OSCAM x Antonio Jose Guzman x Iva Jankovic present ‘Electric Dub Station’
In Suriname and elsewhere in the Americas, blue had the power to protect enslaved Africans and their descendants from evil spirits. Indigo was also the source of incomparable suffering and helped spur the 18th-century transatlantic trade, resulting in the enslavement of thousands. Indigo dye is deeply rooted in African culture. So is the symbolic use of the color blue to ward off evil spirits. In some cultures, indigo, itself has spiritual significance.
Antonio Jose Guzman has been researching post-colonial art for the past 15 years, inspired by his historically international family history. Through Electric Dub Station he explores the transatlantic and colonial history of the color indigo. Researching the history of indigo is simultaneously researching an “alternative” history of the Dutch nation. The color, like the artist himself, has connections with many histories and different places in the world: India, Java, Suriname, both Americas and the Netherlands.
African enslaved people passed on the knowledge of cultivating indigo to America. The African slave trade made the color very valuable; the owner of indigo fruit was stronger and more powerful than the owner of a weapon because it was used as a currency. In the 18th century, the profit on indigo was much greater than the profit on sugar or cotton.
The sonic structures and songs that the enslaved Africans sang while producing indigo, sugar, coffee and cotton on the plantations had and still have a profound influence on several genres of American music. This also applies to dub music, which is originally Jamaican and stems from reggae. The influence dub music has had on the technique of music production simply cannot be overestimated.
Electric Dub Station is a site-specific labyrinth installation and a Panamanian-Congolese procession. The project consists of approximately one hundred banners and twenty afro-futuristic costumes that have been created by various international collaborations. It is part of Sonsbeek 20 -> 24, the Paiz Art Biennial, and “The Supreme Exodus” series, in which the artist explores the connection between different cultures of The Black Atlantic (Paul Gilroy) and the Hybrid Migratory Aesthetics (Mieke Ball).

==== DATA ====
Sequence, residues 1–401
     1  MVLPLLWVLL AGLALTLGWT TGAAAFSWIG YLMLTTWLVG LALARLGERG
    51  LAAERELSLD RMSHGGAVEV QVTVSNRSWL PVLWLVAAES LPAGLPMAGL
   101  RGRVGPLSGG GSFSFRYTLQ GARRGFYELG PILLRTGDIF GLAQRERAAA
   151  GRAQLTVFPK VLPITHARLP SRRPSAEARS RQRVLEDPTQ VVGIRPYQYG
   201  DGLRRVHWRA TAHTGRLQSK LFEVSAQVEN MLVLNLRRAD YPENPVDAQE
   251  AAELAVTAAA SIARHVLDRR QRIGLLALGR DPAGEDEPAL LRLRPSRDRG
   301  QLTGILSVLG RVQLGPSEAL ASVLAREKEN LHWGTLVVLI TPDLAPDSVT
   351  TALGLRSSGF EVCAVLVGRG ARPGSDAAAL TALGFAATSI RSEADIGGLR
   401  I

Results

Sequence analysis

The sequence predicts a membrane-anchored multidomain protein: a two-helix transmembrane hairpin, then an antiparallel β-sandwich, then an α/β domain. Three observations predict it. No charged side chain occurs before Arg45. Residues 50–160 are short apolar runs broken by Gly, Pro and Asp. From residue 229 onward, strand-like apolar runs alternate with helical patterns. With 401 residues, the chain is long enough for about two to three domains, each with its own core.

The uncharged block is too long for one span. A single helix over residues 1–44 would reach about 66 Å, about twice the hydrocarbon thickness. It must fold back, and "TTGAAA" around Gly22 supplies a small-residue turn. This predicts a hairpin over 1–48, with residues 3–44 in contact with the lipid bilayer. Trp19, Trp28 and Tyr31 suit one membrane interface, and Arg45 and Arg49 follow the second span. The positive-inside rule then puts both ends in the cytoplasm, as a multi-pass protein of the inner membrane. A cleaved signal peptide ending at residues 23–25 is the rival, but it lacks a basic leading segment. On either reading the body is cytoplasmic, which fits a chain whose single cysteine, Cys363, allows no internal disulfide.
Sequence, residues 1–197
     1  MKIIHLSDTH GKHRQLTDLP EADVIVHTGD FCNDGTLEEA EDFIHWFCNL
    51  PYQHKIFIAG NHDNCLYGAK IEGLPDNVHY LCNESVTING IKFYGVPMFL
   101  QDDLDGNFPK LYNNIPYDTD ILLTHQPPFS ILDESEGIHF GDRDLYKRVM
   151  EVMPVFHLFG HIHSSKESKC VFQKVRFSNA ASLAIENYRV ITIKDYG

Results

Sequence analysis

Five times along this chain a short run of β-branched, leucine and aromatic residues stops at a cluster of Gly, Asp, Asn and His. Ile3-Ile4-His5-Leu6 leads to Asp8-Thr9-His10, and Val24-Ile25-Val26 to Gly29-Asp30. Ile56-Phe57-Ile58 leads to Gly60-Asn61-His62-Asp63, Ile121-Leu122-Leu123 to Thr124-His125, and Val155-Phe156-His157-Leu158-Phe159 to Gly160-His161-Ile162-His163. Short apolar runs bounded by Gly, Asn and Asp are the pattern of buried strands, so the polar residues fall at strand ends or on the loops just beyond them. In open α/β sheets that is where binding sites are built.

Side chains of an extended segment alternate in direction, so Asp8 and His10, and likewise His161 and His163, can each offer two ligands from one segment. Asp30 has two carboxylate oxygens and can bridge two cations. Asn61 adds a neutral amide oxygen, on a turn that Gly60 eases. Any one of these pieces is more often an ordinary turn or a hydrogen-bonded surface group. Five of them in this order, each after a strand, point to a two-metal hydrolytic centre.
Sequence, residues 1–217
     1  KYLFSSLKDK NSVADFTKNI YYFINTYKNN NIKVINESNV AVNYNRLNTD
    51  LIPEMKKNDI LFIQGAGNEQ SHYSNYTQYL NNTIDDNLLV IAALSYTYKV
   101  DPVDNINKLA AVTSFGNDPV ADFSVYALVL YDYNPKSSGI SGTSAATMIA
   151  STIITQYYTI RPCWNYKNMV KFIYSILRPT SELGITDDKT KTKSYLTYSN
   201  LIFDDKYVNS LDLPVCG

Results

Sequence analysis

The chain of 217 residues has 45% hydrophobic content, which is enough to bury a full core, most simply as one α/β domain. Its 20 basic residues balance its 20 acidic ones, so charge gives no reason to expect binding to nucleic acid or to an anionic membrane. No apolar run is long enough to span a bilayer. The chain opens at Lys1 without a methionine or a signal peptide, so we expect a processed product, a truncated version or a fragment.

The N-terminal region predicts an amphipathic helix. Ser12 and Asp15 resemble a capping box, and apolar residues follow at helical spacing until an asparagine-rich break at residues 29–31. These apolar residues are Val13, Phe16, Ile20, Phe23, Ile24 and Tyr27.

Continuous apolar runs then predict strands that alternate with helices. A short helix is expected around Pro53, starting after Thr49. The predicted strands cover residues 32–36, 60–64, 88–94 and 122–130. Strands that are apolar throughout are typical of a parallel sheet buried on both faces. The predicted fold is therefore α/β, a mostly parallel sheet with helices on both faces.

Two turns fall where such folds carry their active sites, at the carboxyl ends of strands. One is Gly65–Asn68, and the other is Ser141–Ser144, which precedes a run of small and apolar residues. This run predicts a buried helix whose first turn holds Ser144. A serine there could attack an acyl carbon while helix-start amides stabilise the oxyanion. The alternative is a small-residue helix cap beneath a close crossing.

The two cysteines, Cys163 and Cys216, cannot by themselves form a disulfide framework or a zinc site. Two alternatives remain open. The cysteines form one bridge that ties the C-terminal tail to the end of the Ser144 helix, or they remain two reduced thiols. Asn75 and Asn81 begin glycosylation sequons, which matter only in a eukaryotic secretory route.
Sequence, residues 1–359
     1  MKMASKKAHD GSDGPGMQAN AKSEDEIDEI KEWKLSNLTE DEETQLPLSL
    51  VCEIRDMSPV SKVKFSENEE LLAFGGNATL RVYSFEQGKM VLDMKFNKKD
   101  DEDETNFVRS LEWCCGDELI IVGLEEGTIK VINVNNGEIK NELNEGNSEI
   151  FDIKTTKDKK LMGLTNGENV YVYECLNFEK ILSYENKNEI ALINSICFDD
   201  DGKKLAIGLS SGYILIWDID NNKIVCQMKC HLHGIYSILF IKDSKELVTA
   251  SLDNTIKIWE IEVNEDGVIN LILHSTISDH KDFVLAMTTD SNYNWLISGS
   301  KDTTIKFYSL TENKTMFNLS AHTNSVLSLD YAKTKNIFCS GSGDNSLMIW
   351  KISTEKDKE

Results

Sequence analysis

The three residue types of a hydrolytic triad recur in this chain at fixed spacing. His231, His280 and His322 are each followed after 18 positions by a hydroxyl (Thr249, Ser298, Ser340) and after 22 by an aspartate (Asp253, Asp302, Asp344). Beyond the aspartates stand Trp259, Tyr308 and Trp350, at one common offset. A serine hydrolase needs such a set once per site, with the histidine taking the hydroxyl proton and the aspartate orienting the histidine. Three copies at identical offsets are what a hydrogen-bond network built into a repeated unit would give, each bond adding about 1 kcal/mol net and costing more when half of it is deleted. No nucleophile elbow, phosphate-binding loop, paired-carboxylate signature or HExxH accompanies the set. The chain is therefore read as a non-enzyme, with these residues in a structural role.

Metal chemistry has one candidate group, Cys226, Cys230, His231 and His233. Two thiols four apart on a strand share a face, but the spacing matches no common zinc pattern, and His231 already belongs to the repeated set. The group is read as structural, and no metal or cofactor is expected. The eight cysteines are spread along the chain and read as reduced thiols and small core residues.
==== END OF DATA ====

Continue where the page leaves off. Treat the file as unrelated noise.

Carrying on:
Electric Dub Station International Indigo Archives:
Plantation Hanover – Suriname
Sranan Tongo Name: Hannau
Location: Parakreek – Para River – Suriname
Size: 2,636 fields (1819); 3,636 1/2 acres (1827)
Products: Wood (1819); Indigo (1829); Wood (1830)
On July 1, 1863, the plantation owned 246 slaves. The Ambel, Clydesdale, Fer, Klas, Krak, Mijnals, Renfurm and Vreds families descend from the plantation.
Owners: 1819: J.L. Matile – 1826: Wed. J.S. van de Poll qq. – 1827: S. de la Parra – 1828: Mr. G.A.v. der Mee and F.W.R. Hostmann – 1837: Mr. G.A.v. der Mee and F.W.R. Hostmann – 1863: H. Wright.
The land was 3,636 acres. In 1832, M.D. Teenstra went to the plantation to collect data for his book “agriculture in the colony of Suriname”. Hanover was then an indigo site with 136 slaves and an area of 3636 fields. De houtgronden, De Vreede, Welgelegen and De Eendragt, were annexed to Hanover. Indigo was the end product, which was sold as a powder or pressed into blocks. 50 kg indigo white per year could be produced per field of production area. In 1830, 2500 kg was exported, and there were three plantations that grew the product: A La Bonne Heure, Hanover, and Two Children are near Paramaribo, nowadays city district “Blauwgrond”.
From around 1900 the production of bluing takes place synthetically, and the cultivation of indigo has disappeared completely. The 1908 almanac states that indigo production at A La Bonne Heure had to be abandoned “due to high mortality due to the primitive method of preparation”.